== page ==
From the publisher: Laughton Rees is an academic who doesn’t usually work live cases after the brutal murder of her mother as a teen left her traumatized and emotionally scarred. But the presence of her book at a murder scene draws her unwillingly into the high-profile investigation and media circus that springs up around it.
I thoroughly enjoyed Dark Objects. I haven’t seen anything that indicates this is the first in a series, but I hope it is. Dark Objects is a combination psychological thriller and police procedural, and I need a new police procedural series to read.
The book introduces a large number of characters, and the narrative also serves as a commentary on how society reacts to violence close to home. The “dark objects” refer to items placed around first one, then two murder victims in a very deliberative fashion. The structure of the plot walks us through the significance of the items.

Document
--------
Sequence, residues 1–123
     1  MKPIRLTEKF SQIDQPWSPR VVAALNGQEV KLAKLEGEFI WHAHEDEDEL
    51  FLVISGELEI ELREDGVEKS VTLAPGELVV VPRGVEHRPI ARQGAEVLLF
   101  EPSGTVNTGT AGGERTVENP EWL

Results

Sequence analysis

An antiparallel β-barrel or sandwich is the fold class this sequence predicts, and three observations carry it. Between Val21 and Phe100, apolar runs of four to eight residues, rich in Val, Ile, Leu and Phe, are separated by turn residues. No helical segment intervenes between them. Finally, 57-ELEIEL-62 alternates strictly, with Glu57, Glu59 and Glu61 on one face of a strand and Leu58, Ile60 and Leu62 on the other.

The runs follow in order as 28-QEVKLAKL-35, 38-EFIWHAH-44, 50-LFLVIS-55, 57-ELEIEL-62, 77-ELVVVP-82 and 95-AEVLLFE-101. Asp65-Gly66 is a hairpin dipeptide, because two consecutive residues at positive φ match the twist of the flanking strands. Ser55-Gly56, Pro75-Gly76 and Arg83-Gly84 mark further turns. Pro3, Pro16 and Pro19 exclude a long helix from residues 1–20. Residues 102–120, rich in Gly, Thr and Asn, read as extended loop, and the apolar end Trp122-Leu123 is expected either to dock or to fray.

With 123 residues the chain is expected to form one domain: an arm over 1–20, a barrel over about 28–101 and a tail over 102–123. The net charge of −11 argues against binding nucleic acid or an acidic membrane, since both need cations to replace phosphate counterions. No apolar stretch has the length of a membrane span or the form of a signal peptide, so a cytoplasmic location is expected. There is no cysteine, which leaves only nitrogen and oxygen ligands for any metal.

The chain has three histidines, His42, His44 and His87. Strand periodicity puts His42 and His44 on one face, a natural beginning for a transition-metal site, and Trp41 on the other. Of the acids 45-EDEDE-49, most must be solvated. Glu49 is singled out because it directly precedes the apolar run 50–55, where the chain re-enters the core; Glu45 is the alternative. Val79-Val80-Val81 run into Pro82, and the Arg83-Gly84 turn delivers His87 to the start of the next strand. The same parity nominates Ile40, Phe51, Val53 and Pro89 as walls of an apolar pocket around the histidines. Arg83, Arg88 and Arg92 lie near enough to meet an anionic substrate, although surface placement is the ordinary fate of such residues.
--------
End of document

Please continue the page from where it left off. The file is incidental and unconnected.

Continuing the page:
Tannahill Khan, the Detective Chief Inspector in charge of the case, is half Irish, half Pakistani. His arresting looks don’t protect him from racist comments and behavior. Laughton Rees, the forensics expert whose book called How to Process a Murder is one of the “dark objects,” is an extremely traumatized survivor of violence. After living on the streets, becoming an addict, and having a child as a teenager, she became a respected academic. But the trauma is always just under the surface of her life. Both Tannahill and Laughton are interesting characters with a lot of room to grow in future books, if there are any.
Other characters include a sleazy and sexist reporter with an ax to grind, Laughton’s troubled teenaged daughter, Laughton’s estranged father (the current Metropolitan Chief Commissioner), and the house cleaner who found the first body.
The author seems to know what he is talking about as far as crime scene procedures and crime scenes go. Most of my knowledge comes from watching CSI and reading police procedurals, but it all seemed to make sense to me. The author did a great job keeping my interest in the characters and the crime. I especially loved the climactic ending. This is my first book by Simon Toyne but I predict it will not be my last.
I read an advance reader copy of Dark Objects from Netgalley.
Dark Objects is scheduled to be published on July 12, and the Galesburg Public Library will own it in print and digital.